We ate lunch Saturday with a couple sisters-in-law and sat on the deck of a local pizza place. The subject of metrosexuals came up and we discovered my wife had never heard that term before. She asked me what a metrosexual is, and I pondered for a few minutes. I thoughtfully fingered the fine weave on my new Banana Republic polo shirt. I flexed my toes in my Kenneth Cole Reaction sandals (or Mandals as one of the sisters-in-law calls them). The sun popped out from behind a cloud, and I gave thanks that I remembered to apply my Gillette aftershave that contains SPF 15 after my morning shower. For some reason, I couldn’t come up with a good definition. A little help?
People ask me all the time about the differences between Kansas City and Indianapolis. I generally tick off the things that aren’t different first, then say, “The food is much better in Kansas City though”. People here are often surprised by that statement, not in defense of Indy, but because they don’t know about the tradition of food in Kansas City. As I’ve learned, it’s not really a matter of there being no good locally owned restaurants here. There are plenty of good local places tucked between the PF Chang’s, Chili’s, Outbacks, etc. It’s more a case of there being no place like Southwest Boulevard, where you have your choice of dozens of Mexican restaurants to chose from if you’re in the mood for something spicy. It’s a matter of the racial divide being more rigid here, and people in the suburbs are not as willing to drive into the hood to eat barbecue as Kansas Citians are. Saturday, when we were out with some friends driving downtown, we passed a couple down home looking barbecue places. “Wow, I should check those out sometime.” The reaction I got was a cross between absolute disbelief and wondering if I was just being funny. But the biggest difference is that there’s no nationally known “Indy food”. Tell someone you’re from Kansas City, and chances are, even if they’ve never been there, they know about Kansas City barbecue. They may not know about the Boulevard or the huge number of nationally recognized steak houses, but they’ve heard about Kansas City barbecue.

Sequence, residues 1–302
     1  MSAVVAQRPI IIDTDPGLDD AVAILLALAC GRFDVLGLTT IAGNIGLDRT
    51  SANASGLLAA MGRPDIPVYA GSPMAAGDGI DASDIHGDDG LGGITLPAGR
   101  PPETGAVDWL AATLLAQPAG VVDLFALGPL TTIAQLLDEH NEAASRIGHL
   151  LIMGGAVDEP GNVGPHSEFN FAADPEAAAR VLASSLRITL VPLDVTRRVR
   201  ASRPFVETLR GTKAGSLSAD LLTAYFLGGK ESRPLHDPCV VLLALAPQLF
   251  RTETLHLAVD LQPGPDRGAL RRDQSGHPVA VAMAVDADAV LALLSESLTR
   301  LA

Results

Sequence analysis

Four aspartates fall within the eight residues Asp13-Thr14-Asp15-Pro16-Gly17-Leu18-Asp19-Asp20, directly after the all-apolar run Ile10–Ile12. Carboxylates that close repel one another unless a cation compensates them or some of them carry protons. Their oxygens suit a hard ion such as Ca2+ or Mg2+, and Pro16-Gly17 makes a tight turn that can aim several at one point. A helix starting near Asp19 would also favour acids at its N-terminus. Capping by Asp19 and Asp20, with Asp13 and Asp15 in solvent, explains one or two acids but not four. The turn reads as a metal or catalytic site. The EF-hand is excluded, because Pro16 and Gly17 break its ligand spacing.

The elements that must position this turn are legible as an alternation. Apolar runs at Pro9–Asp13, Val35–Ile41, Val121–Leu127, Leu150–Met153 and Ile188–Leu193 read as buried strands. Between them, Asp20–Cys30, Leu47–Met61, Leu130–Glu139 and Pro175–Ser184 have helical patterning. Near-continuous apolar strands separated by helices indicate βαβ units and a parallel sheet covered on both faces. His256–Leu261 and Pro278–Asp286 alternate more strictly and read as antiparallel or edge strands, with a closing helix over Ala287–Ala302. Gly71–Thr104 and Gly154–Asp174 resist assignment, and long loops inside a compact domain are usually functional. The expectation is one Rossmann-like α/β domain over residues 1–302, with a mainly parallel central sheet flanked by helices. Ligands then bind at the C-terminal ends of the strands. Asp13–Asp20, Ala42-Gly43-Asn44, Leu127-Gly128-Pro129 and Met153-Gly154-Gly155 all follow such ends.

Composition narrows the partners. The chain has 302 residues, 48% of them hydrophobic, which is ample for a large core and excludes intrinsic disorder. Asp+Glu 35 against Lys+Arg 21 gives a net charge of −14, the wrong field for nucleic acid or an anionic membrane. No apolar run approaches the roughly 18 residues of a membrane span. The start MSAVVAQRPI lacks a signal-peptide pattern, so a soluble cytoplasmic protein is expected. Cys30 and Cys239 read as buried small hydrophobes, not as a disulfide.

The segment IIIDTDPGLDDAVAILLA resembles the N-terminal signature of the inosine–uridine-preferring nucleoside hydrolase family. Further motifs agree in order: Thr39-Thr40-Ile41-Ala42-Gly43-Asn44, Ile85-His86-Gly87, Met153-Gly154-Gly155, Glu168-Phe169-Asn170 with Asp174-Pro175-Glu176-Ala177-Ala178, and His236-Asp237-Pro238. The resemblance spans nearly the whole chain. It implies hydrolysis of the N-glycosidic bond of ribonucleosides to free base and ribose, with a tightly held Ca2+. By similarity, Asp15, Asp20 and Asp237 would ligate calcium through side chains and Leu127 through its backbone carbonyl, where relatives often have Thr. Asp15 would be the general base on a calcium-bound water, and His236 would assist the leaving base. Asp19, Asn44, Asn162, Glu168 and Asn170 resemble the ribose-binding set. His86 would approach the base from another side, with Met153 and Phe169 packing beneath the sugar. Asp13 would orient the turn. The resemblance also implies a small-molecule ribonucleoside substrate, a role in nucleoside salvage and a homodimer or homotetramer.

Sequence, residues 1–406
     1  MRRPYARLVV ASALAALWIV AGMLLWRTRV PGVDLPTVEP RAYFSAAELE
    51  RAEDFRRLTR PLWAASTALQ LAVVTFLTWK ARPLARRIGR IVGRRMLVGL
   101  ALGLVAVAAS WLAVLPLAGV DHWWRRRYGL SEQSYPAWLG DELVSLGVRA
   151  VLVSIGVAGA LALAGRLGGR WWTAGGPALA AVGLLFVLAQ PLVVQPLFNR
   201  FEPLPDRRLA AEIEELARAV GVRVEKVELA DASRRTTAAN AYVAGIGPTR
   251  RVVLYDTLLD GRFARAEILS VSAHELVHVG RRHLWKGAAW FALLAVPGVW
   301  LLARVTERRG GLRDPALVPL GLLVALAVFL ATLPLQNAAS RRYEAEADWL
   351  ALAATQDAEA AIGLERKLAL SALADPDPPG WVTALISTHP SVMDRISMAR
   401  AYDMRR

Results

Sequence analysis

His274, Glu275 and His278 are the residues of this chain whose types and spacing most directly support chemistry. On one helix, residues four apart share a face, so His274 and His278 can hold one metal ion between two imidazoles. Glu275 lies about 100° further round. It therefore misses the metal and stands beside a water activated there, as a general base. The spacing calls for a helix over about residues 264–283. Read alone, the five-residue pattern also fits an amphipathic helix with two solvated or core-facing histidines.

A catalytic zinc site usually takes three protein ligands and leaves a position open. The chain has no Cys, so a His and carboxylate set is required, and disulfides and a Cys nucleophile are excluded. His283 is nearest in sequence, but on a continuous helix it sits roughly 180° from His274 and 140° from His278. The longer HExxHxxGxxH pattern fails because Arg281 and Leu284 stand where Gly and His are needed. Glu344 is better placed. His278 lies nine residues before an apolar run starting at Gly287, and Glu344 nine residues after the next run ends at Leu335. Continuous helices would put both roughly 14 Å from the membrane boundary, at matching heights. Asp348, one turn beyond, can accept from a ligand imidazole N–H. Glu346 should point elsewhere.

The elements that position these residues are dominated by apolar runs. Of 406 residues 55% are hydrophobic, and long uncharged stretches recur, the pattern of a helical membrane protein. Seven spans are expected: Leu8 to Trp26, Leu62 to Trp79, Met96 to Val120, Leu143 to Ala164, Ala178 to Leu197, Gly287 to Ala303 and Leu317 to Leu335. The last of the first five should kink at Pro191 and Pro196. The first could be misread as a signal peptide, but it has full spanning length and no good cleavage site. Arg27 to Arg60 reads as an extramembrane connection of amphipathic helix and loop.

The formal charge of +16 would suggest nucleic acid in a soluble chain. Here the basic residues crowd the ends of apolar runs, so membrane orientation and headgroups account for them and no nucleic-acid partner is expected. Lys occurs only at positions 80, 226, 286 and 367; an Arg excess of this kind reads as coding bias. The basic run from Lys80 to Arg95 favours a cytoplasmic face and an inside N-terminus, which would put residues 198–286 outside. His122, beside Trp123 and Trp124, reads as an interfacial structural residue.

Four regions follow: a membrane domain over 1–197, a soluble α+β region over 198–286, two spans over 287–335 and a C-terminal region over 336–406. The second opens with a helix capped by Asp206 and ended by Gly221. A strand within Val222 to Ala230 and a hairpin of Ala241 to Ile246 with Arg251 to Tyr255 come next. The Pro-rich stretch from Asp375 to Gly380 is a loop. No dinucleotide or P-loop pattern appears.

In fact, Indianapolis does have a signature food item, the pork tenderloin sandwich. It’s appropriately the most popular food item during race weekends at the Speedway. I’ve yet to have a tenderloin since moving here, so I clearly need to get on that. The two articles below from today’s Indy Star may make your stomach rumble, so you might want to read after lunch.